Synopsis and Songs

Mel Brooks' musical adaptation of The Producers

The Producers is based around the character of Max Bialystock, a down and out Broadway producer whose latest work flopped on opening night. Max, plagued by his former success and scrabbling to stay afloat, experiences a change in fortune when downtrodden accountant, Leo Bloom, discovers there is money to be made in Max’s theatrical failure.  As a result, the two formerly defeated business men form an unlikely union with the goal of creating the world’s worst musical. The plot develops as the duo enlists the help of ridiculous and often farcical characters on the way such as former Nazi and on-going Third Reich enthusiast Franz Liebkind, Ulla the blonde bombshell secretary/receptionist and the flamboyant homosexual director Roger De Bris. As a result of the characters combined brainpower and ludicrous behaviour Spring Time for Hitler is born in Broadway.

 

Act I

Set in New York in 1959, the show opens with Max Bialystock’s musical version of Hamlet, “Funny Boy” closing after one terrible performance [Opening Night]. Max tells a seedy crowd of his past achievements and vows to make a victorious comeback to his former glory [King of Broadway].

The following day a nervy accountant, Leo Bloom, visits Max’s office to assess his books however Leo is told to wait in the bathroom as an ‘investor’ of Max’s (an old lady that deals in sexual favours) visits the office, leaving Max with a cheque to invest in his next play.  Whilst in the toilet, Leo reveals his secret dream of becoming a Broadway producer. After a rocky start with Max, Leo announces that he has found a problem with Max’s accounts:  he has raised more money for the play than he spent putting it on. This leads Leo to the realisation that a producer could make more money with a flop than a hit. In light of this information Max proposes the ultimate scheme: to find the worst play to be directed by the worst director in town to be opened with the worst cast on Broadway. Meanwhile the pair will raise two million dollars from old lady investors, open and swiftly close the failed show and move to Rio with their two million dollar profit.

Despite his initial refusal [We Can Do It] a bad day at the accounting office leads Leo to dream of his potential life as a producer [I Wanna Be a Producer] resulting in him quitting his dreary 9-5 and agreeing to Max’s scheme [We Can Do It (Reprise)].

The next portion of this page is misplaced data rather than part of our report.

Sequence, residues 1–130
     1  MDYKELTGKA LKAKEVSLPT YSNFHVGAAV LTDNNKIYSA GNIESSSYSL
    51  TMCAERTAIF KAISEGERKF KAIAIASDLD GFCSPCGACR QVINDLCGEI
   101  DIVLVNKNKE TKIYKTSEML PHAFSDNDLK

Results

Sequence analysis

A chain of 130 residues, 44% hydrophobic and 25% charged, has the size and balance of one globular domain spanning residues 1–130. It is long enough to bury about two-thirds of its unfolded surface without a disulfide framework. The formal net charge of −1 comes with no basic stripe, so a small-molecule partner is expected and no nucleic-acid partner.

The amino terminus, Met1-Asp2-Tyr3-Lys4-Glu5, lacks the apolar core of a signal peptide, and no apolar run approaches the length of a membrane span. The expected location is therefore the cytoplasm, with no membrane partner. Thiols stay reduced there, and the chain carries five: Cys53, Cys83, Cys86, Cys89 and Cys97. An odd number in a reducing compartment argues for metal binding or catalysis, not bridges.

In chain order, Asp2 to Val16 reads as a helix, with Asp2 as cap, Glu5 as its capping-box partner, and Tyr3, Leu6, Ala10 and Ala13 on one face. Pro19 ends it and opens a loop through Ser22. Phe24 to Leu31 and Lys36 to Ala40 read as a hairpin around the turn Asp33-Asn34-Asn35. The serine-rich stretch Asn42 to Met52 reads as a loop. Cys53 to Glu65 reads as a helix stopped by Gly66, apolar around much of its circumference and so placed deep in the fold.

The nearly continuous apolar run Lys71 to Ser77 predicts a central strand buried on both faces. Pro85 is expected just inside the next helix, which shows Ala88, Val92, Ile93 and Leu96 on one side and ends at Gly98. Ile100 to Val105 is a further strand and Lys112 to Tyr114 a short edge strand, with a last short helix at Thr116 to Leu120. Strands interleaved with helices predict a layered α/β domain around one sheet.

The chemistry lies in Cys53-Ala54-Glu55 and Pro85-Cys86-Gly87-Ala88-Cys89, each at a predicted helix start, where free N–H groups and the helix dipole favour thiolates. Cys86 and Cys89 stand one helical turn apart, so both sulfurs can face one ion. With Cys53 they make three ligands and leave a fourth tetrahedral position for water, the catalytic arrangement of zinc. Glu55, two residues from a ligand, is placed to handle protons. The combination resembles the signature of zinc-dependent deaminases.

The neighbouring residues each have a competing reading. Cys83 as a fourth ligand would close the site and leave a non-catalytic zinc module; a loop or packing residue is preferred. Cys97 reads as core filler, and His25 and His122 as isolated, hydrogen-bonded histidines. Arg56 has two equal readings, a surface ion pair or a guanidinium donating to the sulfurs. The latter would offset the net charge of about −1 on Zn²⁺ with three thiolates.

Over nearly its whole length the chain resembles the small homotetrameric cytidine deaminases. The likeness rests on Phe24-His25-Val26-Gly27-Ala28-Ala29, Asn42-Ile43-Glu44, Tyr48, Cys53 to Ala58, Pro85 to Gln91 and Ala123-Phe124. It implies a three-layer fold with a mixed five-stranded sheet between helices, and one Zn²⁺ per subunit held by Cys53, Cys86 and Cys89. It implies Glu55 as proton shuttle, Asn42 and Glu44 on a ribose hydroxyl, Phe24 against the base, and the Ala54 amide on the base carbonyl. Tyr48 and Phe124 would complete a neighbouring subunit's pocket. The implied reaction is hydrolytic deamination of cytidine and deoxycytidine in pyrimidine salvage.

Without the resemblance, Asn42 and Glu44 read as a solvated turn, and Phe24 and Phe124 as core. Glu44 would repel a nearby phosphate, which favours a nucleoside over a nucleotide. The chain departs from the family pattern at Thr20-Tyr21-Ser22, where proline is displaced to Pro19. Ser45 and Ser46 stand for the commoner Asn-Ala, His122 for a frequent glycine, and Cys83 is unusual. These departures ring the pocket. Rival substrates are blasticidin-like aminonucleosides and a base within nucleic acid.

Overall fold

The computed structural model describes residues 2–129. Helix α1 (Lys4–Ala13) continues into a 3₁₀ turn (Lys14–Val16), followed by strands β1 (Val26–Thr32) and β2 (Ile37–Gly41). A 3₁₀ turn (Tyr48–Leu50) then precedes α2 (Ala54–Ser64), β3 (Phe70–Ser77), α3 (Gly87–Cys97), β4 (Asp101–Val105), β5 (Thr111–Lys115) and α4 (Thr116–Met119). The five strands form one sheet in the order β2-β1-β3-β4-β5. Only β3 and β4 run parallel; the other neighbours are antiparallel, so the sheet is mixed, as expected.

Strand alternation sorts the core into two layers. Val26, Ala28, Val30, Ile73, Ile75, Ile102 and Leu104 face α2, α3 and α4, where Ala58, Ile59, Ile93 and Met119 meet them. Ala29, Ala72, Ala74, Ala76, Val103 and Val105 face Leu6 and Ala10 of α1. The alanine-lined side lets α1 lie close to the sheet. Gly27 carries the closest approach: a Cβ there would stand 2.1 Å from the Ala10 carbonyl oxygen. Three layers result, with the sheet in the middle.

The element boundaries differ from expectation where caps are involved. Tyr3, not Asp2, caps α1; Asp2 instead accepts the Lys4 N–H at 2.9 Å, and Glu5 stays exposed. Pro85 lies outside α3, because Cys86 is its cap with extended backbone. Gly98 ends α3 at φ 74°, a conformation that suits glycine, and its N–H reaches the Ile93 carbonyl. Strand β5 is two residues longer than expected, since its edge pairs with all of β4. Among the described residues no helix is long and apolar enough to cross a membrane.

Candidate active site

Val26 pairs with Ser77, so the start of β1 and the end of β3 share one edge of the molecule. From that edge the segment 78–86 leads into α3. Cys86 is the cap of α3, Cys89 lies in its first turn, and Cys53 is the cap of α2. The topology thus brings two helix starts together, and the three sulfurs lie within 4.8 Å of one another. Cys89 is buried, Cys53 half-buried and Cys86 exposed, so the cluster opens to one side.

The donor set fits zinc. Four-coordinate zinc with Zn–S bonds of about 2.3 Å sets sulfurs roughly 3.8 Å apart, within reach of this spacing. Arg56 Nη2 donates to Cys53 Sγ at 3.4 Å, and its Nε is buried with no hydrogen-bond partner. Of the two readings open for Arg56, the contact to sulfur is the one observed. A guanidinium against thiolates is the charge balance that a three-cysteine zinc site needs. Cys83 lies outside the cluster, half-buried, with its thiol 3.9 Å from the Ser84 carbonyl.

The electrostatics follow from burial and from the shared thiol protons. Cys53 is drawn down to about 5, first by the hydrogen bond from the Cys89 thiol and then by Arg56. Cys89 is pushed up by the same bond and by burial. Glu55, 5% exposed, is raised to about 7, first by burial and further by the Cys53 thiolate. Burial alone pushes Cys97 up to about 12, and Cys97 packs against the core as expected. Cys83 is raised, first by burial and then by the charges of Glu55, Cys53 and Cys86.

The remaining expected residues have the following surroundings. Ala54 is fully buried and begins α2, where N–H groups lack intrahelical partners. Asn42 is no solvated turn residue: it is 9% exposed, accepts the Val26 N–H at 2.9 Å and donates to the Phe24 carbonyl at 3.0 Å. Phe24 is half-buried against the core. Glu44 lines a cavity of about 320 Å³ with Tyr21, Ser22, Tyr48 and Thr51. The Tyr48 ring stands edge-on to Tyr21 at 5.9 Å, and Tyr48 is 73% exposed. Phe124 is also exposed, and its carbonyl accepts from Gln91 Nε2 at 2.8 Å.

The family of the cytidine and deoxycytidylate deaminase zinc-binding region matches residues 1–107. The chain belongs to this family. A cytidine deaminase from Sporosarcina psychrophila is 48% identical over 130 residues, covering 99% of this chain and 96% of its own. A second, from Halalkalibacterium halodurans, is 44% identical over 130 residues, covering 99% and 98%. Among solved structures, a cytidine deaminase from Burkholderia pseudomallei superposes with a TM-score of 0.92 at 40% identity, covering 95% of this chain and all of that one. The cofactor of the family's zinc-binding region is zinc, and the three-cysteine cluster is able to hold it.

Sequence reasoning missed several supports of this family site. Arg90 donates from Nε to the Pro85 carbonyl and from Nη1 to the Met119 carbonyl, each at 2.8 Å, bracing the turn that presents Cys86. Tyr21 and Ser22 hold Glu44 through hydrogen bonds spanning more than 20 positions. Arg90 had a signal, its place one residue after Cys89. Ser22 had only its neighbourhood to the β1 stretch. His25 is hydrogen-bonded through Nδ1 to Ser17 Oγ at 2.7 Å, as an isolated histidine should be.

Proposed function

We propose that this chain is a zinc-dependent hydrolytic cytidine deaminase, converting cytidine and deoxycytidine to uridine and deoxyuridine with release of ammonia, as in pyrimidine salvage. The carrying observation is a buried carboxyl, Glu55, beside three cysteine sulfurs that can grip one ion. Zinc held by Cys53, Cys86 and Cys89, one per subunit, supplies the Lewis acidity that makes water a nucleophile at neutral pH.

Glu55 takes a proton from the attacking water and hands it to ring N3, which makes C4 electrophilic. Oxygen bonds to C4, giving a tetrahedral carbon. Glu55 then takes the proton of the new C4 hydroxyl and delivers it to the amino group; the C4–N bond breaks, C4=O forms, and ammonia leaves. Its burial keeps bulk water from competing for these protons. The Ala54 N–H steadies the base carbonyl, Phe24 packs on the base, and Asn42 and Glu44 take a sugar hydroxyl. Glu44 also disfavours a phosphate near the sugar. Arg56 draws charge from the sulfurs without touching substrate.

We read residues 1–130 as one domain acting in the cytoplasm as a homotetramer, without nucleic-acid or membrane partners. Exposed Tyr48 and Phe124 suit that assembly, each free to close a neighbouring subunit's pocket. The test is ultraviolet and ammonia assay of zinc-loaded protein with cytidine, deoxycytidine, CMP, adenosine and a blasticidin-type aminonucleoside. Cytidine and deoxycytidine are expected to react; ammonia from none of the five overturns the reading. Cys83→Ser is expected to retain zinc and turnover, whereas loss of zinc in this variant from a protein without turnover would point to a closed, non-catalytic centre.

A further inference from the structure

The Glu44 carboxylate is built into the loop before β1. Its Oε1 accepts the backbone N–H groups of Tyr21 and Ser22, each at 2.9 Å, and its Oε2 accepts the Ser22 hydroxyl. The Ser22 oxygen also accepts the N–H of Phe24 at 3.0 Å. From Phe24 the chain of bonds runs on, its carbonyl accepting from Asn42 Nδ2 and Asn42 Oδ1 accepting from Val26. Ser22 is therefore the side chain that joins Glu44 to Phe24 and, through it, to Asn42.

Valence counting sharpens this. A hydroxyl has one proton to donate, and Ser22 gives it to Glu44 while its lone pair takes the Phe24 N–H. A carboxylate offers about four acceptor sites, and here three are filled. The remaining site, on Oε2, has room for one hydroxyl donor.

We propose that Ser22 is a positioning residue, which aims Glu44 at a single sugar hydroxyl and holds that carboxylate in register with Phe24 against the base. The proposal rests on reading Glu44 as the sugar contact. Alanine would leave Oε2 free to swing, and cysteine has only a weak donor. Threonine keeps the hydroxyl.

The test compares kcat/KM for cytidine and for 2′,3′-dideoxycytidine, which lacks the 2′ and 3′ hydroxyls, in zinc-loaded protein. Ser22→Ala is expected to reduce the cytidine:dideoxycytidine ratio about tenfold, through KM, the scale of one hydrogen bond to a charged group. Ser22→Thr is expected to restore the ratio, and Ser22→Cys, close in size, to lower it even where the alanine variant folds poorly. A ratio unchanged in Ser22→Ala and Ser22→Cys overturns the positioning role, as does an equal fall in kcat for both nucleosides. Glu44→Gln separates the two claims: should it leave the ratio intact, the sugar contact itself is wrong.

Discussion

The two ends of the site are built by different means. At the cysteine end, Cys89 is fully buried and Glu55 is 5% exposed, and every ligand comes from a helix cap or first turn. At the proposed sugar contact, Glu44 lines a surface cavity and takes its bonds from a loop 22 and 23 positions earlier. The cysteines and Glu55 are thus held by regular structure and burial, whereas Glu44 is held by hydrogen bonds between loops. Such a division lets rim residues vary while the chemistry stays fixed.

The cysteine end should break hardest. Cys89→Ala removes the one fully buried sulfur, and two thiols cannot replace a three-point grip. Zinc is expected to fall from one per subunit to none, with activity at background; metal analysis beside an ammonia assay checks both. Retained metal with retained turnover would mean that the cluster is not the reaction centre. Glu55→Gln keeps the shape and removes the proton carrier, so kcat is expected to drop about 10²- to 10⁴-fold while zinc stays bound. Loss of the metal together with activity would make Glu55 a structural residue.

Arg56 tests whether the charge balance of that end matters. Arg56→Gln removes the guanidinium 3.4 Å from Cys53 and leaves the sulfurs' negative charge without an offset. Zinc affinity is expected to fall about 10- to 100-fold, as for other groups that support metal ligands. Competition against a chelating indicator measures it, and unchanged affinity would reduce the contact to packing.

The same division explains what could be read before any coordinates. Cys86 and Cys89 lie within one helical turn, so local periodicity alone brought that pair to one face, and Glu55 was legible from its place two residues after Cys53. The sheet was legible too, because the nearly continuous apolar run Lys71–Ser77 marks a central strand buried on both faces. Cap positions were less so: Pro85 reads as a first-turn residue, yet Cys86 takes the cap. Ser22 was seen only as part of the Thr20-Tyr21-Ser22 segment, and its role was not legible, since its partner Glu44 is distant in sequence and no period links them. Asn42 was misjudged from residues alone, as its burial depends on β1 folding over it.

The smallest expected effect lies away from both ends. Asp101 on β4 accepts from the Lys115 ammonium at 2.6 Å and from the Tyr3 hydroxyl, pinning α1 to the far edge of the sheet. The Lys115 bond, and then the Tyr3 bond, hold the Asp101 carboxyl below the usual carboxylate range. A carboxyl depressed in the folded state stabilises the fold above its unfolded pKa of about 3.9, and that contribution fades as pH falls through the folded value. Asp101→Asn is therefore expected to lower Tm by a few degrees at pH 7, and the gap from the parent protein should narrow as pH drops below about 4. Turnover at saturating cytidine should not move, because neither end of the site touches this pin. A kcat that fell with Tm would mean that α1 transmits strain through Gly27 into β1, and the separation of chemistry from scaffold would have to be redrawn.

The next day the pair embark upon the quest of finding the worst play ever written. Eventually Max stumbles upon a definite theatrical bomb:  Spring Time for Hitler: A Gay Romp with Adolf Hitler and Berchtesgaden, written by former Nazi Franz Liebkind. Max and Leo go to the playwright’s home to discover him reminiscing about the former glory days of the Third Reich [In Old Bavaria]. Liebkind agrees to sign an agreement with the producers so long as they promise never to dishonour the legacy of “Adolf Elizabeth Hitler” and the pair join Liebkind in singing Hitler’s favourite song, Der Guten Tag Hop Clop, to seal the deal.

The producers then go in search of a terrible director, calling upon the overtly glitzy, gay Roger De Bris to take on the challenge. At first Roger and his assistant Carmen Ghia refuse the offer due to the play’s political subject matter [Keep It Gay] however Max persuades them with the prospect of fame and fortune and Roger agrees with the proviso that the play is altered so that the Germans win the war.

On returning to the office Max and meet with Ulla Inga Hansen Benson Yansen Tallen Hallen Svaden Swanson who wishes to act in their forthcoming production. The producers are wowed by Ulla’s beauty in her audition [When You’ve Got It, Flaunt It] and decide to hire her as their “secretary-slash-receptionist” instead.

Act one closes with Max setting out to call upon the little old ladies of New York [Along Came Baily] to raise the two million dollars needed for the show, which he does [Act I Finale]